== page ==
Talkin’ Turkey

Talkin’ Turkey 

By Ron Eichner 

      Hi folks, fall is a busy season of enjoyment each year. October finishes up with Halloween and pumpkins of many sizes and trick-or-treating. Then November has Thanksgiving which takes place on the fourth Thursday. It is a national holiday that brings together family and friends who celebrate the year’s harvest and other blessings from the past year. 

     Turkeys are the focus this month, and most people feel it all starts with picking a turkey up frozen from a local store and then preparing it for the holiday. As a family farm, my grandfather started to raise turkeys back in the 1930s, and every year since then, we begin with day-old poults, raising them for five months. The two-day help from friends and family members, gives us the team for processing the turkeys at our farm. Fortunately, this allows us the opportunity to offer fresh turkeys for our valued year-round customers every year. 

      Each fall season starts with us getting ready our two heated nurseries for when the day-old poults arrive, each one receives three swallows of a vitamin and electrolyte fortified water. This process continues for the first three weeks of drinking, and then fresh water is available. This is a natural vegetable-based three-step program; starter, grower, and finisher with pre and probiotics, and essential oils, antibiotic-free support the health of our turkeys. The turkeys are happiest when they have a simple triangle—feed, water, and a place to roost, like a couch potato. They are active in large open pens as a controlled-free range.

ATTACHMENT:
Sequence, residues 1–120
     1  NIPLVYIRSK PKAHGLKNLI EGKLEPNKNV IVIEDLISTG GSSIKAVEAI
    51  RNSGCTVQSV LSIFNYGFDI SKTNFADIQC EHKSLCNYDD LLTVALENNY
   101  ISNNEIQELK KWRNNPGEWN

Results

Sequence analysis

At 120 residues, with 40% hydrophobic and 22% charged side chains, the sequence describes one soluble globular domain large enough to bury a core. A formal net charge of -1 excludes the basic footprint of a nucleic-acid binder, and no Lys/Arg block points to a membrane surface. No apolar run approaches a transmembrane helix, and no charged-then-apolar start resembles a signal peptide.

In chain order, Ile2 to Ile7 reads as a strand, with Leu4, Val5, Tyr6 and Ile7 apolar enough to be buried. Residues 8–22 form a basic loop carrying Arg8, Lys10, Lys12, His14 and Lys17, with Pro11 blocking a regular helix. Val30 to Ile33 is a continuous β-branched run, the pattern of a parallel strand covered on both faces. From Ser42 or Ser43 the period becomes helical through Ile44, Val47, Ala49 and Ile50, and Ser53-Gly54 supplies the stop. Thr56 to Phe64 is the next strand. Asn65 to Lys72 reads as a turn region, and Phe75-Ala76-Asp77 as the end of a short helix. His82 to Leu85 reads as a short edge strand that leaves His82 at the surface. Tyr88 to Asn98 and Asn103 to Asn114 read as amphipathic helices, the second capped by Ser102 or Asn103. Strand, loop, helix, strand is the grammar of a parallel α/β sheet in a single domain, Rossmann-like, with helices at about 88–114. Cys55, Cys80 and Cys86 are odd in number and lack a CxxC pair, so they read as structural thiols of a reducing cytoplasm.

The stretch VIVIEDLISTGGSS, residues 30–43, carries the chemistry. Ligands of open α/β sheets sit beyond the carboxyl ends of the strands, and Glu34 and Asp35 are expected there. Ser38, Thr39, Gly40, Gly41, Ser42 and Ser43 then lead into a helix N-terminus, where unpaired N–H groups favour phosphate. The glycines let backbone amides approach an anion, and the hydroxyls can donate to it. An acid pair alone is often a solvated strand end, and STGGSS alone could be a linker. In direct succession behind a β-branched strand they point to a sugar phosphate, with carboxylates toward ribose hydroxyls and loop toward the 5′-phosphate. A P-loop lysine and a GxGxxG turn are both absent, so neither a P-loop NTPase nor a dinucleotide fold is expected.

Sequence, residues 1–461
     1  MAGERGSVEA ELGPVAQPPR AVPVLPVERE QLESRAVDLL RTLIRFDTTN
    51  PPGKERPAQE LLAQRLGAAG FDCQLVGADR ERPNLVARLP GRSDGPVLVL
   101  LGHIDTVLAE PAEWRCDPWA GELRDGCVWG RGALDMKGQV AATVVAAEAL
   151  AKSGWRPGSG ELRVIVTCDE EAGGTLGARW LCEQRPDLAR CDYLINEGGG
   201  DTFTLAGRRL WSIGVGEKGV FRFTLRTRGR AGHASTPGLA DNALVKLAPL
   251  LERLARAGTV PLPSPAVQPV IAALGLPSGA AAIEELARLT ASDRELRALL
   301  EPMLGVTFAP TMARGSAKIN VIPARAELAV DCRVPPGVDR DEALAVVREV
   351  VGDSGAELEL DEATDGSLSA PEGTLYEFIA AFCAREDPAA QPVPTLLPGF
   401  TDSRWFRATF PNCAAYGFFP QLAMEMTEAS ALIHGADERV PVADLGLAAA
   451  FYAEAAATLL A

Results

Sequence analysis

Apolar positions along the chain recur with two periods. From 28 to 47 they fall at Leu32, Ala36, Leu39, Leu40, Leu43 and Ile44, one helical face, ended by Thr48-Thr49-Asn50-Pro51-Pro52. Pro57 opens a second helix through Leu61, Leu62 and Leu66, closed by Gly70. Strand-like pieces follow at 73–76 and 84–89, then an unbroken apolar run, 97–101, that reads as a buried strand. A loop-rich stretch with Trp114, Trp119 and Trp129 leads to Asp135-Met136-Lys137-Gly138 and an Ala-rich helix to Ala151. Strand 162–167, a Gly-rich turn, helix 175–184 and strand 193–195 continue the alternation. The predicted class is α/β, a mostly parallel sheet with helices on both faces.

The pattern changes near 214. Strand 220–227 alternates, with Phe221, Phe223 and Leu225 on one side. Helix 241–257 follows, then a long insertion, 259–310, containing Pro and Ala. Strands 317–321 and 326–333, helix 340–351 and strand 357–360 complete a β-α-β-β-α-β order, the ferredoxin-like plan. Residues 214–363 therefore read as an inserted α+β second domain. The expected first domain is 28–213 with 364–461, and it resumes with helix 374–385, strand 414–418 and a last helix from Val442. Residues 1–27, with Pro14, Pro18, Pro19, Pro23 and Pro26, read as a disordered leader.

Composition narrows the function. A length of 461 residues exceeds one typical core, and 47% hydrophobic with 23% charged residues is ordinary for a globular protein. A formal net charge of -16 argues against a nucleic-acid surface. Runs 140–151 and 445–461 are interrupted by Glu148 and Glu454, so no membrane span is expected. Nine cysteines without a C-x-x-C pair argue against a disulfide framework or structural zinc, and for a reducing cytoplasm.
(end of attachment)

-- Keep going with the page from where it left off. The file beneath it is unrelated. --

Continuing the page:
Allowing turkeys to roam free-range outside would give them a 24-hour threat to predators like coyotes, foxes, fishers, raccoons, hawks, domesticated dogs, and cats, all looking for their next meal. In the eastern states, the bald eagle is the number one predator for free-range poultry like chickens and turkeys. 

     In recent times, we have been harassed by a few people using social media saying how we “cruelly raise and process” our turkeys. The Humane Society of Pittsburgh has visited our farm to investigate the only complaint each year, the Friday before Thanksgiving. The Humane Society and Animal Friends agents have found no violations and were pleased with our humane practices. 

     People say it probably is PETA and vegans who have their agendas to push, and the traditional turkeys are absent from their tables. So instead, they substitute the popular holiday with “Thanks Vegan,” and dishes are made vegan-style, including meatless roasts, dairy-free mashed potatoes, and no egg desserts. 

     God gives us all free-will to choose, and if people want humanely treated livestock, we may be Wexford’s best-kept secret. We wish everyone a Happy Thanksgiving! You are welcome to stop by Eichner’s Whole Farm & Greenhouses if you are seeking your trimmings for a traditional Thanksgiving at 285 Richard Road in Wexford and get “the rest of the story.”